Date: 2/8/19 2:13 pm From: Chris Rimmer <crimmer...> Subject: [VTBIRD] Farflung migrants in Cuba
Although this post doesn't relate directly to Vermont birds, I thought some might be interested to know that I'm wrapping up 2.5 weeks of field work in the mountains of eastern Cuba, surveying for Bicknell's Thrush with colleagues from our local partner institute BIOECO. It has been an arduous but exhilarating expedition, the majority of it in majestic cloud forests of the remote Bayemesa range, where I'm told it's unlikely any human feet have ever trod (though it is possible some Taino natives did centuries ago). Much of our work involved creating a new trail to reach two relatively inaccessible peaks -- we weren't able to get as far as even the first of those (Pico Maceo). Chronic rains hampered our progress and made working with machetes a dangerous proposition. My 4 Cuban colleagues and I did manage to break some new ground, share some chilly and wet moments, enjoy one another's company immensely, AND encounter some very cool birds.
Though this was my third trip to Sierra Maestra's highest elevations, the endemics never cease to captivate. Cuban Solitaires and Cuban Trogons were never out of earshot, and one simply can not tire of their songs. Cuban Todies (one of 5 tody species, all endemic to the Greater Antilles) rattled and scolded frequently, while engaging and curious bands of Oriente Warblers sputtered and squeaked, often approaching closely. We ran 12 mist nets on several days and managed to band many of these species (todies and trogons being our big "miss"), which was very rewarding.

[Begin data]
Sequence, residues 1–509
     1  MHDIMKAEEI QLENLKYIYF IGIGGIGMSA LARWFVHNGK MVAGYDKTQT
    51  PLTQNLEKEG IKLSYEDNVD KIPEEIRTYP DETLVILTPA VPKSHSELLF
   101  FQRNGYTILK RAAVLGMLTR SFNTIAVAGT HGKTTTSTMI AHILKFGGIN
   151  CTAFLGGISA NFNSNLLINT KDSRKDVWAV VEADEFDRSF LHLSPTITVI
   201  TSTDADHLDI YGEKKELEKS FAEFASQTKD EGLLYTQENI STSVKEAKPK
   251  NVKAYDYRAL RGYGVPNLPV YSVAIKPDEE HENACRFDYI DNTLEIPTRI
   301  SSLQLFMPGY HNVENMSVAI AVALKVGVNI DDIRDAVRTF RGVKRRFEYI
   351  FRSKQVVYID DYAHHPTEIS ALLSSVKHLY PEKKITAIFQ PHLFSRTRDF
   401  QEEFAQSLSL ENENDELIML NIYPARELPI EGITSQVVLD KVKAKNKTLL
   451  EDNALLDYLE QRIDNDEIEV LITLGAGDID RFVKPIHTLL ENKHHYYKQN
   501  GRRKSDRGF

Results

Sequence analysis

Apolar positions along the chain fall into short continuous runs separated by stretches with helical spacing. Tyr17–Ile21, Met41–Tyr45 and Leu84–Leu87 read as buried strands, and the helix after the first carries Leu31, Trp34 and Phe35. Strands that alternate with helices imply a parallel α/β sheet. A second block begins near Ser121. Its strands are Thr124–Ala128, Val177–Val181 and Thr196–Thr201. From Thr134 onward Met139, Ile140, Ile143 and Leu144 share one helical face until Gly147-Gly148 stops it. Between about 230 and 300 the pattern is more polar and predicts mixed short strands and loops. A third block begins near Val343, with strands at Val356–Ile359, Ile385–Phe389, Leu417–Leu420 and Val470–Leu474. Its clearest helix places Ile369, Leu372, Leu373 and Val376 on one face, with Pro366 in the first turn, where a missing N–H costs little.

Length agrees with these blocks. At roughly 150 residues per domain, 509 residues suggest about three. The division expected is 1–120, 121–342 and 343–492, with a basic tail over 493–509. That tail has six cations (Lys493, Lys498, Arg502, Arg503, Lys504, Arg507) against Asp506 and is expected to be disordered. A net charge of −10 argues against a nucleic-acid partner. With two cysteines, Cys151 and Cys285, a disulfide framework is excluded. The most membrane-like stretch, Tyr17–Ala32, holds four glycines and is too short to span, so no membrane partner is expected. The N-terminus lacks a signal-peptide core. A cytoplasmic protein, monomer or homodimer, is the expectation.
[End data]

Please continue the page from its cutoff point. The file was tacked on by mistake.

And, several migrants familiar to us in Vermont were present. Most common were Black-throated Blue Warblers (6 of 33 birds we mist-netted were BTBWs), and every one we saw or captured was a female. American Redstarts and Black-and white Warblers were also reasonably common, with smaller numbers of Cape Mays and No. Parulas. A surprise for all of us was the capture of 3 Swainson's Warblers in our nets. This species, which breeds in southeastern N. America, is apparently regular on Cuba, but none of my local colleagues had ever seen one. And, of course, we found Bicknell's Thrushes -- not many, only 7 individuals in fact, but this area is clearly important overwinter habitat for the species on Cuba. We managed to mist net and band 3 birds in Bayemesa.
If anyone is inclined to see a few photos and a short video, check out VCE's Facebook page at https://www.facebook.com/vtecostudies/. I haven't had time to post anything on the VCE blog, but hope to soon. Cuba is a wonderful island, and its protected areas are in remarkably good shape. I wish Hispaniola (where the majority of Bicknell's Thrush overwinter) offered the species similar habitat security!
Chris Rimmer Vermont Center for Ecostudies PO Box 420 | Norwich, Vermont 05055 802.649.1431 x202 http://vtecostudies.org/